Brent Yarina, BTN.com Senior Editor, October 17, 2011
As you're probably aware, the initial BCS Standings were released Sunday night, and Big Ten favorite Wisconsin came in at a surprising No. 6. Considering the Badgers were ranked No. 4 in the Coaches' Poll, many Badger fans were expecting a No. 4 or No. 5 ranking. The computers, however, had other ideas. Three of the six computers ranked the Badgers outside the top 10, including one at No. 17, which allowed perfect Oklahoma State and Boise State to land ahead of Wisconsin. Is that right? Does it matter? Brent Yarina breaks it down in this post.
As for whether it's right or wrong, it's reality. Computers are involved in this confusing system, and they'll continue to play a part in picking who plays in the BCS title game until a new system is created. So yeah, it's right that the Badgers' weak schedule affects them in the standings, especially when there are five other undefeated teams ahead of them who have played tougher slates – Boise State is debatable.
Now, does it matter? Of course. While this was only the first installment of the BCS Standings, teams always want to be ranked as high as possible. It makes getting into one of the top two spots a lot easier, and that's what it's all about. Things will work themselves out over the course of the season (No. 1 LSU has to play No. 2 Alabama, No. 3 Oklahoma has to play No. 4 Oklahoma State and Boise State's non-BCS schedule will hurt it), but the fact Wisconsin landed at No. 6 and it doesn't have a great remaining schedule to fall back on makes it an uphill battle.
Here's the case for Wisconsin:
- Outscored six opponents, 301-58, an average of 50.2-9.7 per game
- Won every game this season by at least 31 points
- Rank No. 1 in FBS in touchdowns (40) and points per game (50.2)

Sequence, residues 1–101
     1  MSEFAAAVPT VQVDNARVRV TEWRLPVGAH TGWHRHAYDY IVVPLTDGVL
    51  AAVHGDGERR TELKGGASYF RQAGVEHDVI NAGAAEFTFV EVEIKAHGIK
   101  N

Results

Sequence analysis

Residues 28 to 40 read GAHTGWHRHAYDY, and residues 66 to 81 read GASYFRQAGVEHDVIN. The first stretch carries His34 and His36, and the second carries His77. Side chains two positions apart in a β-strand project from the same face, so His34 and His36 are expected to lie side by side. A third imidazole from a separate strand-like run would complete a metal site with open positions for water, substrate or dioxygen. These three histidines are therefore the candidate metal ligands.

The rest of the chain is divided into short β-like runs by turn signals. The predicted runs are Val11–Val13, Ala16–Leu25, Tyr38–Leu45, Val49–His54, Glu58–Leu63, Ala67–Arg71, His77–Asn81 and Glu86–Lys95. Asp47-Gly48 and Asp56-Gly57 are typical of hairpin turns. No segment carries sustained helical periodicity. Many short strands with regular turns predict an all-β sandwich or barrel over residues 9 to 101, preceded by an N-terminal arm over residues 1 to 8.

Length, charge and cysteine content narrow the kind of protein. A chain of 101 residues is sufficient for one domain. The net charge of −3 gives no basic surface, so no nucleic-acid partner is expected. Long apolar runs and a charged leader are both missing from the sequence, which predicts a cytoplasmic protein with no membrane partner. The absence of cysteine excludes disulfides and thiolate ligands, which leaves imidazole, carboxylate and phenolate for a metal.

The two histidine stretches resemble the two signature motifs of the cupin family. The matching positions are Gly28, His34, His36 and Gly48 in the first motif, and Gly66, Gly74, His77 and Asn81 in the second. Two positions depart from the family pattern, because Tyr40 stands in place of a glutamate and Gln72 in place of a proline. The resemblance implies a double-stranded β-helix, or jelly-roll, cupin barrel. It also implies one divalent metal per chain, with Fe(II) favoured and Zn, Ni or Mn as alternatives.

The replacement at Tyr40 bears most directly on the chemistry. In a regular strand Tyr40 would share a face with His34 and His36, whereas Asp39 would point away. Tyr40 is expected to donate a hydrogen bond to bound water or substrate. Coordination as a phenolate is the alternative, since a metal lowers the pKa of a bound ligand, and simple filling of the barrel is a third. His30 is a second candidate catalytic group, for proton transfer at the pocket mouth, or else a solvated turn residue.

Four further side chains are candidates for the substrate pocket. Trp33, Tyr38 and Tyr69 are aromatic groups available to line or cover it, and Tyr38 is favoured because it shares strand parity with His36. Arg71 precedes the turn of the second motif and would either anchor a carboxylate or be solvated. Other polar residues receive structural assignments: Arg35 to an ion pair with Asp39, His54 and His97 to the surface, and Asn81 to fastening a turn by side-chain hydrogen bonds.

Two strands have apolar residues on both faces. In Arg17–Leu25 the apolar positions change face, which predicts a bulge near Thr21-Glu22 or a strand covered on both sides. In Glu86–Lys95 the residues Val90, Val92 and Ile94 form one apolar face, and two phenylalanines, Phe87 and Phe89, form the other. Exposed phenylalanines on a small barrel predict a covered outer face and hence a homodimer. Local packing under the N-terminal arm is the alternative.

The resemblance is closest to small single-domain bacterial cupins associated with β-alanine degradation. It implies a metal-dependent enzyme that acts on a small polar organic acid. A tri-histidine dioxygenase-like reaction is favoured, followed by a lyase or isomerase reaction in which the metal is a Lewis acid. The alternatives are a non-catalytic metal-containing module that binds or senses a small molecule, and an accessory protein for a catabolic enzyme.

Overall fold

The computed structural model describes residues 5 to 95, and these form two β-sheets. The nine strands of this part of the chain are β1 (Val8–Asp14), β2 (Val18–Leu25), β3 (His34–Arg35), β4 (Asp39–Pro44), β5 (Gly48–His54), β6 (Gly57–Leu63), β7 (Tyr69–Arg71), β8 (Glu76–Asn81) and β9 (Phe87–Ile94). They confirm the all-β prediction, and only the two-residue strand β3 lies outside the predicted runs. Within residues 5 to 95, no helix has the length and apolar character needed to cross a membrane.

- Three field goals – good enough for 108th in FBS – means Badgers don't settle for three points
- Only one FBS team has allowed fewer touchdowns (7)
- Rank third in FBS in points per game against (9.7) and passing yards allowed (869), the latter possibly the most impressive stat, considering every opponent plays from behind and must throw
- Scored at least 35 points in every game and haven't allowed more than 17
- Destroyed lone ranked opponent, then-No. 8 Nebraska, 48-17
- Played no true road game yet – only a neutral game at Soldier Field
- Opponents have a combined 16-23 record (41% winning percentage)
- Three BCS opponents (Oregon State, Nebraska, Indiana) have just a 7-12 clip (37%)
- One win over a team that has been ranked this year (Nebraska)
Then there's these stats, courtesy of Twitter:
No one's arguing Wisconsin's schedule is even average, but just imagine what it could be doing to its poor opponents if it utilized Wilson, Ball and others for four quarters. It's scary. The Badgers have made their opponents look like they don't even belong on the same field – and one could argue they don't belong on the same field – every Saturday. Would LSU, Alabama, Oklahoma, Oklahoma State and Boise State be as dominant against the same schedule? Who knows. We'll never know. One thing's for sure, though: It would be pretty hard to do better than Wisconsin has against its foes. Just watch the games. The Badgers never even struggle – they look like some video game nerd is controlling them and going up against Chattanooga on the easiest of levels.
That, inevitably, brings us back to Wisconsin's very soft schedule. Yes, the Badgers hurt themselves with the nonconference schedule they picked, but you can't blame them for catching Oregon State, of the Pac-12, in one of its worst seasons. Or for its conference schedule, which has already had them play Indiana (1-6) and will pit them against Purdue (3-3) and rival Minnesota (1-5) in Novemeber.
Saturday's game at No. 16 Michigan State can only help Wisconsin in the BCS – assuming, of course, it goes into East Lansing and beats the talented Spartans, something it couldn't do last season. Blow out Michigan State, and the rest of Wisconsin's schedule still might not be strong enough to get it into the top 2 – aka the BCS title game – even if it finishes the season as one of two or three undefeated teams.